Entering a Nursing Home--Costly Implications for Medicaid and the Elderly
PAD-80-12: Published: Nov 26, 1979. Publicly Released: Nov 26, 1979.
- Full Report:
Medicaid is the chief support for the long-term care of the chronically impaired elderly in nursing homes. In fiscal year 1978 it financed, at a cost of $7.2 billion, 46 percent of the total national nursing home bill. A widely recognized problem with Medicaid's extensive support is that many elderly persons neither need nor prefer nursing home care.
Three issues contribute to the nursing home placement of the chronically impaired elderly even when community-based long-term care is preferred and appropriate: (1) Medicaid's eligiblity policies which create financial incentives to use nursing homes; (2) barriers encountered by the elderly who attempt to obtain community services; and (3) Medicaid assessment procedures for determining the need for nursing home care. As long as Medicaid's nursing home coverage is the only readily available source of financial assistance for long-term care, many chronically impaired elderly will be placed in nursing homes even though this is a more intensive care level than is needed. Another problem is that many of the elderly need a variety of health and social services which involve a maze of providers, each one having its own eligibility criteria, assessment procedures, and application forms. Generally, there is no one to turn to for assistance in planning and obtaining the services needed, and nursing home placement offers a packaged solution to the long-term care problems. Medicaid cannot adequately control avoidable nursing home utilization because of inadequate assessment mechanisms and lack of authority to screen all applicants for admission. Finally, State and local efforts to reduce Medicaid support for avoidable institutionalization are impeded by the fragmentation and gaps in Federal long-term care funding and the current structure of the Medicaid program.
Matter for Congressional Consideration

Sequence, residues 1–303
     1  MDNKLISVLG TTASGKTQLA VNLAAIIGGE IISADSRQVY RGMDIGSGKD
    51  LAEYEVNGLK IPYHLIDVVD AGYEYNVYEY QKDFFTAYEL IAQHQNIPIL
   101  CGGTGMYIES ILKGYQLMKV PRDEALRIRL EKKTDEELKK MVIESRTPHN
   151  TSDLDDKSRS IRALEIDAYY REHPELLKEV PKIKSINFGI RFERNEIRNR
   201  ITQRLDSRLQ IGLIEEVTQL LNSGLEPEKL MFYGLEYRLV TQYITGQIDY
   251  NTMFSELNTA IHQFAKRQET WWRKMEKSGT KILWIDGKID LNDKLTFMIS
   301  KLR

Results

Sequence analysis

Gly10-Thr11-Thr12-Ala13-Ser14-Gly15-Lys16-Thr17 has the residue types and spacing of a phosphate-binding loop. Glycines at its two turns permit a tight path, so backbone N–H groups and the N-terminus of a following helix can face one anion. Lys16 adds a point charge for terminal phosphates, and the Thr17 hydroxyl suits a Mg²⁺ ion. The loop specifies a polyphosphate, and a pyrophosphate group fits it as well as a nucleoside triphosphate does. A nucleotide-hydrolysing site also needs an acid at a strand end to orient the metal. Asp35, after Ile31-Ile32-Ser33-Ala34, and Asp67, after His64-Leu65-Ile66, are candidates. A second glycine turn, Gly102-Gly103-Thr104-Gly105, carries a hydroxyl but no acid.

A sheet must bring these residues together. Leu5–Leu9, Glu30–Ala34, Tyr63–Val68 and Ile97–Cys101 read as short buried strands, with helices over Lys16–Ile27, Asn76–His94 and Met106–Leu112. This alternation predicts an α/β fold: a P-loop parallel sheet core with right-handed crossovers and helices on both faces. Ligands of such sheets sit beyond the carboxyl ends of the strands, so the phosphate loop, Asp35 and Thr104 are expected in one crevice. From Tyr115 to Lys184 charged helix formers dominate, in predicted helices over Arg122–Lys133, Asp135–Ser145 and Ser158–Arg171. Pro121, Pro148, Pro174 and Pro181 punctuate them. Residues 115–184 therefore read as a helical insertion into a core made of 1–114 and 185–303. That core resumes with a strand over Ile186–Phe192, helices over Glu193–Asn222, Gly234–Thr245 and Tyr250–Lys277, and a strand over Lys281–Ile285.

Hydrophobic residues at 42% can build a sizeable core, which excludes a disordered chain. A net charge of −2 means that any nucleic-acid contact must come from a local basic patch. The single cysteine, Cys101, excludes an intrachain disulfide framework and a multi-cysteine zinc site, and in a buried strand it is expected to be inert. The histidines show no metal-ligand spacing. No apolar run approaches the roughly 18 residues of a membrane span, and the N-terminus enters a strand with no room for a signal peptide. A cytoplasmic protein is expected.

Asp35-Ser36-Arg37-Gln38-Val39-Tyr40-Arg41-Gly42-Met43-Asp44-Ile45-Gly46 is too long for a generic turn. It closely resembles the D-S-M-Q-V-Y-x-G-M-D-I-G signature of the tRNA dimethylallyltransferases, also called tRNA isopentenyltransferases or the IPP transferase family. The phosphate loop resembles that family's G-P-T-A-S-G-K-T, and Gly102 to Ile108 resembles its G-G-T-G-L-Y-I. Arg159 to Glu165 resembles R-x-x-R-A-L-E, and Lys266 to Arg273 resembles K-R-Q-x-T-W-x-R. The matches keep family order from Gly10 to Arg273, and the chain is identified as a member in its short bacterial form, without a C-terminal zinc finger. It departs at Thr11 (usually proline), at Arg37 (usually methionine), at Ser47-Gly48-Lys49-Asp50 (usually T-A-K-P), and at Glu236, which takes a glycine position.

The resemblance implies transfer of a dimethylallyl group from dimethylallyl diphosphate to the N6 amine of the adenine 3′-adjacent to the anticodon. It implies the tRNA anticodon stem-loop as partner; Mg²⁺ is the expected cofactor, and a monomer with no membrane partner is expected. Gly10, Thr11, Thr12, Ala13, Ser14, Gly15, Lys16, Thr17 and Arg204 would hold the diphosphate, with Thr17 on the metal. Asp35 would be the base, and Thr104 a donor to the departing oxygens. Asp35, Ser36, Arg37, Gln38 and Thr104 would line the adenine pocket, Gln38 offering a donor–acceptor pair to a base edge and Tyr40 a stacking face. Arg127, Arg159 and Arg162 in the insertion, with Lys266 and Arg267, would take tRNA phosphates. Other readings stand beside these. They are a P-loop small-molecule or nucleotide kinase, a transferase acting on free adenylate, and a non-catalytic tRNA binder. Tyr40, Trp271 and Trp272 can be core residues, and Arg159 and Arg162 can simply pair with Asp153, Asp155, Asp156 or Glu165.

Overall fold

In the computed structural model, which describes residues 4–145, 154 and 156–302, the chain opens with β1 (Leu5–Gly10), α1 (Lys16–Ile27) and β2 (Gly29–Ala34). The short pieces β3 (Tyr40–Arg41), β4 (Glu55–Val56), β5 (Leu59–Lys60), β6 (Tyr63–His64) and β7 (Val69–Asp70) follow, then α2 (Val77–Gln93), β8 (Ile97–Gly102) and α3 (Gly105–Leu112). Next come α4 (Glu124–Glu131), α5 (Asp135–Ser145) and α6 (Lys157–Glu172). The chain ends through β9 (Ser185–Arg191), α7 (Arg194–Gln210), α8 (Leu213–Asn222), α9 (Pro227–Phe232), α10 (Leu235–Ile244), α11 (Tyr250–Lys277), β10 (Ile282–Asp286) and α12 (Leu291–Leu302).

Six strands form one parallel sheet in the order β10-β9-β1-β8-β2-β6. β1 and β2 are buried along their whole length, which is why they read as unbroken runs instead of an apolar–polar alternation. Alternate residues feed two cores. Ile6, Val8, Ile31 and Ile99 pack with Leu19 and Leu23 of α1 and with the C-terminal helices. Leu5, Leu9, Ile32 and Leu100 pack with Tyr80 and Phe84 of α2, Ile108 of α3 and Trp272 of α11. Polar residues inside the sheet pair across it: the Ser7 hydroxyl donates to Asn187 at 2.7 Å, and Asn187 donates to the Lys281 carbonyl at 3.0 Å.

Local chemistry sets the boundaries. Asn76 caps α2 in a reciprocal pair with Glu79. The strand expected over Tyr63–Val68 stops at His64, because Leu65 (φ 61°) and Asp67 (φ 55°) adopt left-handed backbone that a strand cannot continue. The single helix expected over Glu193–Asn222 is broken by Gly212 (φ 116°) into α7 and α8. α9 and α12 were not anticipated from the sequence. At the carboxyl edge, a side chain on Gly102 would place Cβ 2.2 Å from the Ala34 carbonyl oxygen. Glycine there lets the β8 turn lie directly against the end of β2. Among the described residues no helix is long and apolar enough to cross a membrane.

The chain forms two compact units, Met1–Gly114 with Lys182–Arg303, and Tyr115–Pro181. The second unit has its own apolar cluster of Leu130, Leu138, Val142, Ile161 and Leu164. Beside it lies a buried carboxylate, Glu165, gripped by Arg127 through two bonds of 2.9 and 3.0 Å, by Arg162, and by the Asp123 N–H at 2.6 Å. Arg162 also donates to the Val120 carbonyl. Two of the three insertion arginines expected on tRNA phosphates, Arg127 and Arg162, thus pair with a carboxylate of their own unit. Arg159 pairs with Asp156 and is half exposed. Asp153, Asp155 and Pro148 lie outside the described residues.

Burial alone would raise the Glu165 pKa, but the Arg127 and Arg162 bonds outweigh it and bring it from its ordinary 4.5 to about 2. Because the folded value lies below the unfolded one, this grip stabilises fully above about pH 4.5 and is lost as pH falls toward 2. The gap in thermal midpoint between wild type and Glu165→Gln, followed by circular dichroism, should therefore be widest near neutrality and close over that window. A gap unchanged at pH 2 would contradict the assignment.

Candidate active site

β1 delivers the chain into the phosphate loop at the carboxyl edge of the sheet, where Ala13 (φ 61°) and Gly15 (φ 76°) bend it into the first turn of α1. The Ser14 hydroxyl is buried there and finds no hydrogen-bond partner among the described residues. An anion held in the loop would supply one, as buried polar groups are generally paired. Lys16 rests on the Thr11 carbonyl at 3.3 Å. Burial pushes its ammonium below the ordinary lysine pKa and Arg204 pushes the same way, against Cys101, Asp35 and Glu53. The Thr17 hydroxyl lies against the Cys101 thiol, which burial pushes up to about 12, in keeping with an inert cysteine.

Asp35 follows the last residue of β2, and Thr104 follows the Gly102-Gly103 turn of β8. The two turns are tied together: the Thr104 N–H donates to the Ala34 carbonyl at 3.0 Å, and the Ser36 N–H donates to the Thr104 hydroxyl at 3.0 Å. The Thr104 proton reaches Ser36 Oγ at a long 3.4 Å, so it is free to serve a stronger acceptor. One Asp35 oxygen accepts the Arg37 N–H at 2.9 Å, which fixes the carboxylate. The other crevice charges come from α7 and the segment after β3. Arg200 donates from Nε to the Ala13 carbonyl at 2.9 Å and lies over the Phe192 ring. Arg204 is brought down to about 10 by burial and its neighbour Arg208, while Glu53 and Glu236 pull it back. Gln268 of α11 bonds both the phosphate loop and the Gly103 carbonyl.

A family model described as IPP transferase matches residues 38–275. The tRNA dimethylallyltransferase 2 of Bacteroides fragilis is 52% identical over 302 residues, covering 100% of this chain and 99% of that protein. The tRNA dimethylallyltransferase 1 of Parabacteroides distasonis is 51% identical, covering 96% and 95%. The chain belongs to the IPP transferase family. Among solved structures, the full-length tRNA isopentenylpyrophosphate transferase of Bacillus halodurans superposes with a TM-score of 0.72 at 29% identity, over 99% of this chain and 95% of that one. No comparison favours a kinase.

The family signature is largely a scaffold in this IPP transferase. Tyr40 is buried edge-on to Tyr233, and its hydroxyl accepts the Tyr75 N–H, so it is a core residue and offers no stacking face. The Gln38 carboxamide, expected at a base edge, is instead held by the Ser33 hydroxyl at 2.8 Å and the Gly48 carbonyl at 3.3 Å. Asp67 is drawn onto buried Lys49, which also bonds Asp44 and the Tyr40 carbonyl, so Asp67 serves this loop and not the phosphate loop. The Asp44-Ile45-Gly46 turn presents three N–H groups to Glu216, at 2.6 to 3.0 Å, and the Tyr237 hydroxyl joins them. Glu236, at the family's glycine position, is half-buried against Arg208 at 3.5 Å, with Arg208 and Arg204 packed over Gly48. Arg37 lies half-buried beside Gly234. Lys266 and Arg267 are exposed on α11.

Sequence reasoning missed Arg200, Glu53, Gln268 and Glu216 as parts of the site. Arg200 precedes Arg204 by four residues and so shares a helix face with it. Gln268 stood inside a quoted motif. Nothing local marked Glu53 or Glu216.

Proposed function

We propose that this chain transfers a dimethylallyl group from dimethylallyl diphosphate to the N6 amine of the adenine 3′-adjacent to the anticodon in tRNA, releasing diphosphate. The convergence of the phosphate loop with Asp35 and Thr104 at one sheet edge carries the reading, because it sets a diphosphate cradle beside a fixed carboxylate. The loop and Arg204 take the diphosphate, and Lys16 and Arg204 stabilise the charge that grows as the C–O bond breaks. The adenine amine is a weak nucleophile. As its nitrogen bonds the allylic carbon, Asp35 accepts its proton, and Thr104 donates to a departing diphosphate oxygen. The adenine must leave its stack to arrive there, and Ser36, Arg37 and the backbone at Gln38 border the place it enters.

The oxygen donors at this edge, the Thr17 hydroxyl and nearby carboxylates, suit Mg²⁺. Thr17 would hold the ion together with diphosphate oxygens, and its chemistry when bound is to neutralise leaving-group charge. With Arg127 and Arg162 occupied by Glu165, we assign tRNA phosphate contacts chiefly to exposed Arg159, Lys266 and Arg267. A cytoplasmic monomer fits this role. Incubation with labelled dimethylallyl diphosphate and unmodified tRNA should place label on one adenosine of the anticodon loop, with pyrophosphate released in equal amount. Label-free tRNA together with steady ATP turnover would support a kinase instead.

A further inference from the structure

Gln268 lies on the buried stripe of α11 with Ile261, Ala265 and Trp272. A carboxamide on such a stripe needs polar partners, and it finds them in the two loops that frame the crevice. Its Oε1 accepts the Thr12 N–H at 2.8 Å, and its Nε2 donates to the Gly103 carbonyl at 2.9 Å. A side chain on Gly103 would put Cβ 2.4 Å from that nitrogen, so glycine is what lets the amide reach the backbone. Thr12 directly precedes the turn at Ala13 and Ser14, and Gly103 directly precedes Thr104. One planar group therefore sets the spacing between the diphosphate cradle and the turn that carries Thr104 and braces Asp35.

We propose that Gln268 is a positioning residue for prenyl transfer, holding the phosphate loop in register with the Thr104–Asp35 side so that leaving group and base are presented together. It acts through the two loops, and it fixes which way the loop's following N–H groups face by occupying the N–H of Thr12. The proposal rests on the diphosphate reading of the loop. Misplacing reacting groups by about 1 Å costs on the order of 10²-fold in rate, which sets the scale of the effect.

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Matter: Congress may want to implement an approach proposed by GAO as a community-wide long-term demonstration project in several areas to obtain more concrete information on costs, people who could be served, service utilization, and systemwide effects. The approach includes establishing a Preadmission Screening Program with the following components: (1) comprehensive needs assessments for all applicants to nursing homes; (2) assistance in planning and obtaining services to help individuals stay in the community; (3) coordination and monitoring of community care; (4) payment for services outside a nursing home; and (5) control over costs and utilization. The Preadmission Screening Program could be located in the Department of Health, Education, and Welfare, with responsibility assigned to public health departments at the State and local level. Data obtained from the needs assessments should be used in developing a more reliable basis for projecting nursing home bed needs than presently exist. This approach has been developed to focus on those individuals who would be directly admitted to a nursing home if they did not receive supportive in-home or community-based services. Controls on costs for each individual served could be maintained at the comparable level of expenditures for nursing home care.